The ELP-funded Polesia project, a transboundary initiative which stretches across Belarus and Ukraine, is celebrating a huge win, as Almany Mires Nature Reserve in the Belarusian part of Polesia has been approved for an expansion of 10,000 hectares. The reserve now spans over 104,000 hectares (around the size of Hong Kong) – securing Europe’s largest intact transition mire, as well as critical habitat for globally threatened wildlife. Together with protected areas across the border in Ukraine, it forms the largest complex of bogs and mires on the continent. The area stores huge amounts of carbon and forms part of the Pripyat river basin, playing a vital hydro-regulatory role for one of Europe’s last wild rivers.
Building the case for expansion
The decision to expand Almany Mires is thanks to the efforts by local NGOs, the Ministry of Natural Resources and Environmental Protection, and the Belarusian Academy of Sciences (NAS), supported by Polesia project lead Frankfurt Zoological Society (FZS). FZS partner APB-Birdlife Belarus has been working closely with the NAS and the British Trust for Ornithology to carry out biodiversity monitoring and surveys in and around Almany since 2019.
High conservation value forests were mapped and various field camps were completed to identify roosting trees for bats, nests of threatened birds, and other key sites for biodiversity. Acoustic recorders were deployed collecting thousands of hours of recordings and allowing researchers to identify the wildlife detected, in particular bats. Camera traps were also deployed to survey large mammals.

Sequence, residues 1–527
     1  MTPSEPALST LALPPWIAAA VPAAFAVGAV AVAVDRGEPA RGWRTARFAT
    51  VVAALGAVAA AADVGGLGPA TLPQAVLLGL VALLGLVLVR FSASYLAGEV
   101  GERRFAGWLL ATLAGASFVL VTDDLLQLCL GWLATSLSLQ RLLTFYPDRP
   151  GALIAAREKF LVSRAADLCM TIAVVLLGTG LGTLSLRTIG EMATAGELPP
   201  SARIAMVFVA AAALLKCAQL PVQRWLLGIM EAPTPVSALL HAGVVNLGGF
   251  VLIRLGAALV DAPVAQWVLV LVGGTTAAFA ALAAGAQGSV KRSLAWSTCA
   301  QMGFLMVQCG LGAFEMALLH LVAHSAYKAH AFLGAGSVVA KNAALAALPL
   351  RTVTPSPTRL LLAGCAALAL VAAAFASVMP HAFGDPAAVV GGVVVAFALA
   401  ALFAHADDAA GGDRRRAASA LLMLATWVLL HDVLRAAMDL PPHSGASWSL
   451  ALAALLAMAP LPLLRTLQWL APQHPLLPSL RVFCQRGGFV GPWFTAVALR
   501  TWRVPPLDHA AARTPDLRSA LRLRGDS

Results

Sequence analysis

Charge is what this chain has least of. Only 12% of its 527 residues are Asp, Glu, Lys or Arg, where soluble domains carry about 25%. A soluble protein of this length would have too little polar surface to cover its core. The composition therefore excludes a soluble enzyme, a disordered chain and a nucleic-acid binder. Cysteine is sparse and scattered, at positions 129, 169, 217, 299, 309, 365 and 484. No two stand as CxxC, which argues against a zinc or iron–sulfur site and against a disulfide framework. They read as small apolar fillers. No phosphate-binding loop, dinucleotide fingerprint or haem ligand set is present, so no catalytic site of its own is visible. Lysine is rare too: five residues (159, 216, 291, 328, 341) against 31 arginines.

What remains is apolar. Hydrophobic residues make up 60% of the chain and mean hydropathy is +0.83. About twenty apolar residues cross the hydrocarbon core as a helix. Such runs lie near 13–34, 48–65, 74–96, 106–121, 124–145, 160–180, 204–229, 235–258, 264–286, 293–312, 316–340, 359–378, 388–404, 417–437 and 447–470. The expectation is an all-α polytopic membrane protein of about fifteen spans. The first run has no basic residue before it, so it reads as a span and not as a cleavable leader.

This work helped identify crucial habitat beyond the boundaries of the reserve, and with support from other partners undertaking preparatory work the Belarusian Academy of Sciences submitted an expansion proposal, based on these results, to the Ministry of Natural Resources and Environmental Protection earlier this year. The proposal was accepted by Belarus’ Republic Council of Ministries earlier this month.
Protecting Polesia’s wildlife
Almany Mires harbour a rich diversity of species. Large predators like Eurasian lynx and wolf roam in search of prey, which also thrive in the area; while rare birds breed in the canopy of its riparian pine-dominated forests. Listed as a BirdLife Important Bird and Biodiversity Area, the summer months see one of Europe’s rarest songbirds, the globally threatened aquatic warbler, and the country’s largest greater spotted eagle population move into the area to breed.
During this time, thousands of other migratory birds also stopover in the area to rest and build up reserves for their winter flights. Other notable species found in the area include black stork, terek sandpipers, golden plover, common crane and great grey owl.
Watch field biologist Stas Werdal from Belarus climb high into the canopy to deploy camera traps for the study of rare greater spotted eagles (Clanga clanga):
Next steps for the project and protection of Almany Mires
Although the Bealrusian project partners are celebrating this fantastic result, they are determined to achieve an even higher level of protection for this special landscape. The project is preparing a bid to designate a transboundary, 250,000-hectare UNESCO world heritage site in Polesia, with Almany Mires at its heart.
Conservationists also fear that the level of protection offered by the legislation of a ‘nature reserve’ might not provide adequate protection for this unique area. They plan to apply for the highest level of protected area status in the country – Strict Nature Reserve – which would better protect Almany’s forests from exploitation.
For more information about the Polesia project, please visit their project page.
A version of this article first appeared on the Wild Polesia website.
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